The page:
What: Morgan’s Raid
When: Tuesday, September 16th @ 6:30pm
Where: Wayne County Public Library, Wooster – Conference Room
Please join us on Tuesday, September 16, at 6:30 p.m. for another quality program commemorating the 150th Anniversary of the Civil War. There is no charge and it is open to the public. The Wayne County Civil War Roundtable, in collaboration with the Wayne Co. Libraries, will host the program in the Wooster Library Conference Room. We are now in the fourth year of that horrible war.
Our well known speaker is Mr Tom Vince, who is in his 19th year at Western Reserve Academy in Hudson, OH. Mr Vince started working on Morgan’s Raid in Ohio in the early 1980’s when he spent part of two summers driving the route from entry point over in Indiana near Harrison, OH and taking it to the surrender point at the hamlet of West Point in Columbiana County. Morgan’s Raid in July of 1863 was the only “clash” between the North and the South in the State of Ohio during the Civil War. During the 150th anniversary of the raid in 2013, markers all along Morgan’s route through Ohio were installed.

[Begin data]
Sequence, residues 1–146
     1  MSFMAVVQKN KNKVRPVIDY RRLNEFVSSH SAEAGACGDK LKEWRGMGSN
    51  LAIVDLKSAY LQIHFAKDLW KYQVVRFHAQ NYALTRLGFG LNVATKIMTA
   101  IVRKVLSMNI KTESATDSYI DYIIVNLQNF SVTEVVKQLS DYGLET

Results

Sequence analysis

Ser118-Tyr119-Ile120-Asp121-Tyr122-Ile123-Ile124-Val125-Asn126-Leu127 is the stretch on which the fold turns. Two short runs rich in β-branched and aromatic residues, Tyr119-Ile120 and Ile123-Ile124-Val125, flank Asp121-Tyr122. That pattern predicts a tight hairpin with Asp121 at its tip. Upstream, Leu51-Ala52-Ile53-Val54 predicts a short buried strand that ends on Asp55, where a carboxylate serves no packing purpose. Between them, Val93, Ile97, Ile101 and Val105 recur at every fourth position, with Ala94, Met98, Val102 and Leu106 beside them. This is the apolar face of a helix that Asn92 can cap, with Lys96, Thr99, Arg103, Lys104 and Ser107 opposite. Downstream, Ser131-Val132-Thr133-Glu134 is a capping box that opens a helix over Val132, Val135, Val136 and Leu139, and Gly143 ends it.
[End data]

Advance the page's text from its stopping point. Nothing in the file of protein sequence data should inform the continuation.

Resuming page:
A little Background from Wikipedia:
“Morgan’s Raid was a highly publicized incursion by Confederate cavalry into the Northern states of Indiana and Ohio during the American Civil War. The raid took place from June 11–July 26, 1863, and is named for the commander of the Confederates, Brig. Gen. John Hunt Morgan.
For 46 days as they rode over 1,000 miles (1,600 km), Morgan’s Confederates covered a region from Tennessee to northern Ohio. The raid coincided with the Vicksburg Campaign and the Gettysburg Campaign, although it was not directly related to either campaign. However, it served to draw the attention of tens of thousands of Federal troops away from their normal duties and strike fear in the civilian population of several Northern states. Repeatedly thwarted in his attempts to return to the South by hastily positioned Union forces and state militia, Morgan eventually surrendered what was left of his command in northeastern Ohio. He escaped through Ohio, and casually took a train to Cincinnati, where he crossed the Ohio River.”